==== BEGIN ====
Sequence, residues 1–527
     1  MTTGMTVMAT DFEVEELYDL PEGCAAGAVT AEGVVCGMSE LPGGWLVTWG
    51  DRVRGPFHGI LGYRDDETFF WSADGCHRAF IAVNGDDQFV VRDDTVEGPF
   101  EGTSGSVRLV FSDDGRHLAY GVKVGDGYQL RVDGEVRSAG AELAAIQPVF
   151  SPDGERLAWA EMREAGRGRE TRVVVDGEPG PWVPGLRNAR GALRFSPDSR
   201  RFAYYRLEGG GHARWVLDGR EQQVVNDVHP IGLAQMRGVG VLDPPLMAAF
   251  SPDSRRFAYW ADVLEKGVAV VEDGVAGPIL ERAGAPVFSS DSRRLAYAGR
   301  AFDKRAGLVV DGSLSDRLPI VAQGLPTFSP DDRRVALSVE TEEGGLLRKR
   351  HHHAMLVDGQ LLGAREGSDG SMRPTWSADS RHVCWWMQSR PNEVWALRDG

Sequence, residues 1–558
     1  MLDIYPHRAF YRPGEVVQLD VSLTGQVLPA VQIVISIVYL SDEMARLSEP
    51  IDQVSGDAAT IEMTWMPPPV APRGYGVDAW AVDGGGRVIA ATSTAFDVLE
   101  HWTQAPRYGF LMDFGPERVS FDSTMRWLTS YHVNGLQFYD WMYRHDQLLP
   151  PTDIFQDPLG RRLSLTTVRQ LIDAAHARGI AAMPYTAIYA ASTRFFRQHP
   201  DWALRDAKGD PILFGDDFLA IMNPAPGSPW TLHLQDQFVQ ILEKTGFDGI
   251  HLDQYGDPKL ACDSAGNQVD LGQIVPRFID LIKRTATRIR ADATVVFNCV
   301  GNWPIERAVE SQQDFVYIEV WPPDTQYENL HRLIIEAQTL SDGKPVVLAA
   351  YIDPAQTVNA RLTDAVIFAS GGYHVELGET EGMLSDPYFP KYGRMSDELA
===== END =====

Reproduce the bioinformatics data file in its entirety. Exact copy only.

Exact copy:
Sequence, residues 1–527
     1  MTTGMTVMAT DFEVEELYDL PEGCAAGAVT AEGVVCGMSE LPGGWLVTWG
    51  DRVRGPFHGI LGYRDDETFF WSADGCHRAF IAVNGDDQFV VRDDTVEGPF
   101  EGTSGSVRLV FSDDGRHLAY GVKVGDGYQL RVDGEVRSAG AELAAIQPVF
   151  SPDGERLAWA EMREAGRGRE TRVVVDGEPG PWVPGLRNAR GALRFSPDSR
   201  RFAYYRLEGG GHARWVLDGR EQQVVNDVHP IGLAQMRGVG VLDPPLMAAF
   251  SPDSRRFAYW ADVLEKGVAV VEDGVAGPIL ERAGAPVFSS DSRRLAYAGR
   301  AFDKRAGLVV DGSLSDRLPI VAQGLPTFSP DDRRVALSVE TEEGGLLRKR
   351  HHHAMLVDGQ LLGAREGSDG SMRPTWSADS RHVCWWMQSR PNEVWALRDG

Sequence, residues 1–558
     1  MLDIYPHRAF YRPGEVVQLD VSLTGQVLPA VQIVISIVYL SDEMARLSEP
    51  IDQVSGDAAT IEMTWMPPPV APRGYGVDAW AVDGGGRVIA ATSTAFDVLE
   101  HWTQAPRYGF LMDFGPERVS FDSTMRWLTS YHVNGLQFYD WMYRHDQLLP
   151  PTDIFQDPLG RRLSLTTVRQ LIDAAHARGI AAMPYTAIYA ASTRFFRQHP
   201  DWALRDAKGD PILFGDDFLA IMNPAPGSPW TLHLQDQFVQ ILEKTGFDGI
   251  HLDQYGDPKL ACDSAGNQVD LGQIVPRFID LIKRTATRIR ADATVVFNCV
   301  GNWPIERAVE SQQDFVYIEV WPPDTQYENL HRLIIEAQTL SDGKPVVLAA
   351  YIDPAQTVNA RLTDAVIFAS GGYHVELGET EGMLSDPYFP KYGRMSDELA